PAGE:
Thursday, October 21, 2010

It's up to us: what will we do about bullying?

Today's post was written by my 16 year old daughter. Please read it, I think she has something important to say. xoxo T.

Tyler Clementi.

Asher Brown.

Seth Walsh.

Justin Aaberg.

Raymond Chase.

William (Billy) Lucas.

You might not have heard these names. These are all boys who committed suicide in the last few months after being bullied due to their sexual orientation. Who knows what they felt? Alone, ostracized? Like life wasn't worth living. Like they didn't matter? Their acts of desperation could have gone unnoticed. Thing is, we saw. The internet saw. First one, then another, then hundreds, then thousands of people took a stand. In their own way, everyone said that these boys…and so many like them…matter.

Then, the internet spoke. (Well, it didn't really. It's inanimate. Go with me here, I'm making a point.)

It started with an idea.

Social media spread the idea to quite literally thousands of people.

The idea was simple: wear purple (the color of spirit on the LGBTQ flag) on October 20, 2010 in memory of those boys, and for all the other kids out there who may feel the same way.

So today, I wore purple. To my surprise, there were other kids in my (conservative Christian) class who wore purple. Not to mention the thousands of people all around the world. Teachers, parents, talk show hosts. We took a stand against bullying, against the idea that what happened to these boys was okay.

Bullying is common now. Before, insults were thrown in front of a class, maybe twenty people. Now, cyber bullying is the norm. Hateful anonymous comments, bringing down the person in front of everyone on the internet...whole schools. But kids will be kids, right? They need to suck it up. Learn to ignore it. A common answer to the problem, and not a solution.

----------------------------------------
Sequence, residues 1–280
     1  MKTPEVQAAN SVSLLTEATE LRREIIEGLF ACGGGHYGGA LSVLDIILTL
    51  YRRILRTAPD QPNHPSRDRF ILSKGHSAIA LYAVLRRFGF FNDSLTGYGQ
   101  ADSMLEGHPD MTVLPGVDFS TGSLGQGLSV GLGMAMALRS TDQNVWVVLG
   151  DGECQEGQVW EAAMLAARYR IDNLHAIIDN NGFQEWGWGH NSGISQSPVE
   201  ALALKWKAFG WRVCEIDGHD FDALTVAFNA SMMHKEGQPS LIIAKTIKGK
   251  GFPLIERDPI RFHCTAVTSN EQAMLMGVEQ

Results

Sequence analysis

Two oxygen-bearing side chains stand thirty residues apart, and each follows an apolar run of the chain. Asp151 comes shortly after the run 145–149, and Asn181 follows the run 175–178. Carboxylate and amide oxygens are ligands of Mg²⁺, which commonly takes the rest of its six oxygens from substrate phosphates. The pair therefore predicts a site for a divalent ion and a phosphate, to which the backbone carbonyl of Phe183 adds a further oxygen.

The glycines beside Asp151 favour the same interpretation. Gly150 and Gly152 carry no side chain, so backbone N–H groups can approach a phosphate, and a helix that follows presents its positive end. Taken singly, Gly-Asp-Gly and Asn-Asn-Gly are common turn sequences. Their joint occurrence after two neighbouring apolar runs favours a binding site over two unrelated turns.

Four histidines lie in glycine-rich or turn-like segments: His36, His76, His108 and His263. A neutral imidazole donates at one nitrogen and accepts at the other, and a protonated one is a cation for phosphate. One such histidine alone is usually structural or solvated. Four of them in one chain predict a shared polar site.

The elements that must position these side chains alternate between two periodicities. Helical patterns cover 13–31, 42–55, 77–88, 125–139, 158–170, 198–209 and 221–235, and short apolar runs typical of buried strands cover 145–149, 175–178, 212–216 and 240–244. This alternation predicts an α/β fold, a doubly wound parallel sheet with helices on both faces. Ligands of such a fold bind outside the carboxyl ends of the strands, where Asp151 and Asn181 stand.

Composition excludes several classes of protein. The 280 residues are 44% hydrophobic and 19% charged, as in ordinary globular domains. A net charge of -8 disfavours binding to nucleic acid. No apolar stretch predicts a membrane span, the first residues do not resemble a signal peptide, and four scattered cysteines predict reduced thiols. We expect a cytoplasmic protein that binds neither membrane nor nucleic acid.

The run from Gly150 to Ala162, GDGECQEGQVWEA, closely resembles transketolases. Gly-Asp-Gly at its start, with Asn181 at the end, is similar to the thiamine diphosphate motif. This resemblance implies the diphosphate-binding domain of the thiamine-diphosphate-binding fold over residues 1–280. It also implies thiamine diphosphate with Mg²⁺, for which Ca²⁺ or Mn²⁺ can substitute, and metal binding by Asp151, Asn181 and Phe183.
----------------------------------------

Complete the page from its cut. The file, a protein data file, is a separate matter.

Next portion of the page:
But you know what?

I think it's going to be my generation that changes it. We know social media. Some of us communicate mostly through email, facebook and texting. We get how to make a difference. And we do. My generation will be the one that steps up and says it isn't okay.

It isn't okay to make fun of someone. To discriminate based on age, or race, or sexual orientation or disability or intelligence or anything else.

It isn't okay to have an Us vs. Them mentality.

It isn't okay to talk about how loving God is and then hate anyone who is different.

It isn't okay.

And when that happens, when we step up…it will change.

In 1983, D.A.R.E (Drug Abuse Resistance Education) was founded. It has changed lives. Imagine what it could be like if there was a similar approach to bullying. In one generation, D.A.R.E made drugs uncool. Nearly every school age kid knows what the red ribbon means. If something similar could be accomplished for bullying...imagine what could happen.

Hate is learned and we need to lead by example. The things we learn in kindergarten can affect the rest of our lives. If we start from the bottom and work up, we can change hearts. If we could show from the beginning that bullying isn't okay...just imagine it.